Oh Oh, Casey is at the Bat!!! Its Link vs Link


Oh Oh, Casey is at the Bat!!! Its Link vs Link

Casey Jones, the Chair of the IPI, has my greatest respect.  He read my response to his blog about climate change and then proceeded to fire back with fact after fact. Great!  Check it out, there is some good stuff over there.

Certainly I can (and I think I did) meet his links and raise them with my links.  But that’s not really my point. I’m not going to change people who believe in climate change any more than I am going to change their politics or religion. I would never try.

However, to repeat what I said earlier, sustainability is great.  I’m all for it. But it must be tempered with common sense and a dash of reality. Money needs to be invested where it can do the most good. To quote from my previous post:

I like Todd Meyers, keynote speaker at PIE’s, approach — Strive for good stewardship. Spend money on sustainability when it makes a difference. Expensive solar panels and wind farms make little economic sense, but that same money could be spent on better design, research, and ways to move us from one energy system to another without bankrupting society. Remember, it will be the least among us who will suffer when economic times worsen.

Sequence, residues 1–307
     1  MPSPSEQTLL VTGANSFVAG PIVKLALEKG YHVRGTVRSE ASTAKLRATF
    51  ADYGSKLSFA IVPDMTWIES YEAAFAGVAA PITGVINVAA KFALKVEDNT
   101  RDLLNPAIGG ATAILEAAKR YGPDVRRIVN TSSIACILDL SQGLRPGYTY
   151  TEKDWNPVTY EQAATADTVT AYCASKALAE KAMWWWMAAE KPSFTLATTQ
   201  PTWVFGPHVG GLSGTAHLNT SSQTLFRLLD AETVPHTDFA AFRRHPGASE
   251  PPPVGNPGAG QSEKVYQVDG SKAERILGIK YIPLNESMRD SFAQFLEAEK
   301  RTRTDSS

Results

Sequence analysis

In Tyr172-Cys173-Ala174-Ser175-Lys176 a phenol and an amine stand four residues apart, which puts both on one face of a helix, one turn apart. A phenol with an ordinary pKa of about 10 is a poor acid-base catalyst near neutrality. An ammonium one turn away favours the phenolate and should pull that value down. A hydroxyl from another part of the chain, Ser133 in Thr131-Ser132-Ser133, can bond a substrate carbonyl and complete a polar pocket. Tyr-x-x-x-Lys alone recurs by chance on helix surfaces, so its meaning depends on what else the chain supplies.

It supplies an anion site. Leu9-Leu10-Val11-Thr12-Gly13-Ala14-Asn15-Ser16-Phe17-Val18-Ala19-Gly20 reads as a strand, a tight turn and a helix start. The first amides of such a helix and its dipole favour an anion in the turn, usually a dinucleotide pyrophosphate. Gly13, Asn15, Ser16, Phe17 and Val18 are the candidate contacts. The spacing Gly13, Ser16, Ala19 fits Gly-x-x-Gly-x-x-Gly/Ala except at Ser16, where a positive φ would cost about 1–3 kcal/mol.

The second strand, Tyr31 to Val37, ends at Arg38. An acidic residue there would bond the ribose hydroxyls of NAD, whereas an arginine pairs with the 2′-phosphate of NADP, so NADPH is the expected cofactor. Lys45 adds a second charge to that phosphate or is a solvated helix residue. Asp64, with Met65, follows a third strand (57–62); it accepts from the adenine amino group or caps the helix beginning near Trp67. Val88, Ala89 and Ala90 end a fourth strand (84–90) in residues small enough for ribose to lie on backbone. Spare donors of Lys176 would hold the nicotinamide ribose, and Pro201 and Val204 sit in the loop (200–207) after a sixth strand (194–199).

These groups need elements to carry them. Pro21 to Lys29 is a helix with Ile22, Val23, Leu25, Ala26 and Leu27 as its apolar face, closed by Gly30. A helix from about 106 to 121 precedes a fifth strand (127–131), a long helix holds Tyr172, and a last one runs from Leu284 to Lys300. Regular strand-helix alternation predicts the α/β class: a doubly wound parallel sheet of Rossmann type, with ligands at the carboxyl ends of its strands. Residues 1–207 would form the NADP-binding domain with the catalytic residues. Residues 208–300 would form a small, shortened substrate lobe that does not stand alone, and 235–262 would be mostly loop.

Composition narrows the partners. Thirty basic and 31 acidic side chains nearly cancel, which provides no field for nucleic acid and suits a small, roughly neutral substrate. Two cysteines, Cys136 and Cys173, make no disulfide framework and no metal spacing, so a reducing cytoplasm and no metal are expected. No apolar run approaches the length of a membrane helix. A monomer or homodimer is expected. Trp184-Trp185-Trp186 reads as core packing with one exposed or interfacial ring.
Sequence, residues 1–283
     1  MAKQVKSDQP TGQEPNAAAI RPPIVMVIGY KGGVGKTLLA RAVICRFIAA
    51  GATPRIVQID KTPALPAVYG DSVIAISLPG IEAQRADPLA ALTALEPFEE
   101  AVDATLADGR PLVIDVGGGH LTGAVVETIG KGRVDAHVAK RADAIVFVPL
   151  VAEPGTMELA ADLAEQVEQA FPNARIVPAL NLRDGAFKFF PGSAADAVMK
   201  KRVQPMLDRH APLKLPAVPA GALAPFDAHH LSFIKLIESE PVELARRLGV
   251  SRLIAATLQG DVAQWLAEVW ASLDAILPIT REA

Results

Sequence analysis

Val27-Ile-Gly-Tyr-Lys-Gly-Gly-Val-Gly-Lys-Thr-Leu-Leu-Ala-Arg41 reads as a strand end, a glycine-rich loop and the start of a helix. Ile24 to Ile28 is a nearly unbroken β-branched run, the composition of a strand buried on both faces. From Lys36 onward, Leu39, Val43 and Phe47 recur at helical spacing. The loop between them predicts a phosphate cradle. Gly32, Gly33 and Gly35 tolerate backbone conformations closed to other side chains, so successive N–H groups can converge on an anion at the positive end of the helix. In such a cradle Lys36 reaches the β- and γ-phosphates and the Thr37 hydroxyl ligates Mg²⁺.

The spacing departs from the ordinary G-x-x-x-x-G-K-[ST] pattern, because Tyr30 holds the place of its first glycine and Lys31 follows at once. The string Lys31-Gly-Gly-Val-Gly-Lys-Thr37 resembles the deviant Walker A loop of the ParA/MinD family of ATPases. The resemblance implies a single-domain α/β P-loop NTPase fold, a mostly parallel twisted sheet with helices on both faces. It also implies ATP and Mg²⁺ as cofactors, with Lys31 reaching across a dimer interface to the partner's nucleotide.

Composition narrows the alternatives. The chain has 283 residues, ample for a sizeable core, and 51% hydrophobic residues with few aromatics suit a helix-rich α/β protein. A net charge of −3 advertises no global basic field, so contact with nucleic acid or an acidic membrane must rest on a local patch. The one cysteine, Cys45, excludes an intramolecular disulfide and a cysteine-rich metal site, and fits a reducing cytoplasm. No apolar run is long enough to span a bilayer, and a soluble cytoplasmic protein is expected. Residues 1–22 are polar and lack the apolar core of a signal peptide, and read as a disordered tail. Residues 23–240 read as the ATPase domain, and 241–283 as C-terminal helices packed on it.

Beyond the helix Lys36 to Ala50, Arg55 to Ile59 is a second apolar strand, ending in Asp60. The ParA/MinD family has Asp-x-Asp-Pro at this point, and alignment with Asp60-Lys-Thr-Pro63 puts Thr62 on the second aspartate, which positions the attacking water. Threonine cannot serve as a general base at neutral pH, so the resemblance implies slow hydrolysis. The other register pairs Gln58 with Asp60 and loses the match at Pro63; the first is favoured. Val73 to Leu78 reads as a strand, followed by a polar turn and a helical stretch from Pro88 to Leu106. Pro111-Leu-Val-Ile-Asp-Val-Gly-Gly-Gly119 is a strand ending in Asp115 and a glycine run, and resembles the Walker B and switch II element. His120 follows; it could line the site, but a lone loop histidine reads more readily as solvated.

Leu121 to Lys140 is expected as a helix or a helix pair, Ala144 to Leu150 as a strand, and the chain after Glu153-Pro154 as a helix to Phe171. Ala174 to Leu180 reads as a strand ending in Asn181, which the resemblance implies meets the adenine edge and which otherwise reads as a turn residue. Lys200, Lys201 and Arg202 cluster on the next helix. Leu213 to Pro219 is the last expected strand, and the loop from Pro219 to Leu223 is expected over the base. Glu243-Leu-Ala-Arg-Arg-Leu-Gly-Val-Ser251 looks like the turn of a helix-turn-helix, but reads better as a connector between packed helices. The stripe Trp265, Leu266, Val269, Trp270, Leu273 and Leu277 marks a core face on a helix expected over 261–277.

The same scientists that Casey quotes would have had us follow the Kyoto accords which would most likely have locked most of the developed world in an economic downturn that would make  our current recession seem like a blip on the radar. That does no one any good.

My take is that we must take care that the law of unintended consequences doesn’t force itself on us. We ran roughshod into using ethanol then found that the price of corn skyrocketed starving millions in the third world. Its like those balloon animals, when you squeeze here, something pops out somewhere else.

Bjorn Lomborg is certainly not a skeptic and has global warming credentials.  If you want to know about the economic effects of some CO2 reduction solutions, visit his web site — Lomborg.com.  Nothing alarmist, no sky is falling, but simply economic facts. Life is full of choices, we need to be sure we chose wisely.



Picture of John Van Horn

John Van Horn

2 Responses

  1. What I find disturbing is Casey’s all or nothing approach. His absolutism does not invite discussion. Note that no one commented on his page. Either the readers of his blog are all in lock-step, or they are afraid to appear to Casey as a “flat-earther”. If the IPI fully endorses this position, then they will miss out on all the practical points you and others make.

    One last point, if the NASA scientists aren’t qualified to have an opinion on the climate, where does that put Al Gore in the qualification hierarchy?

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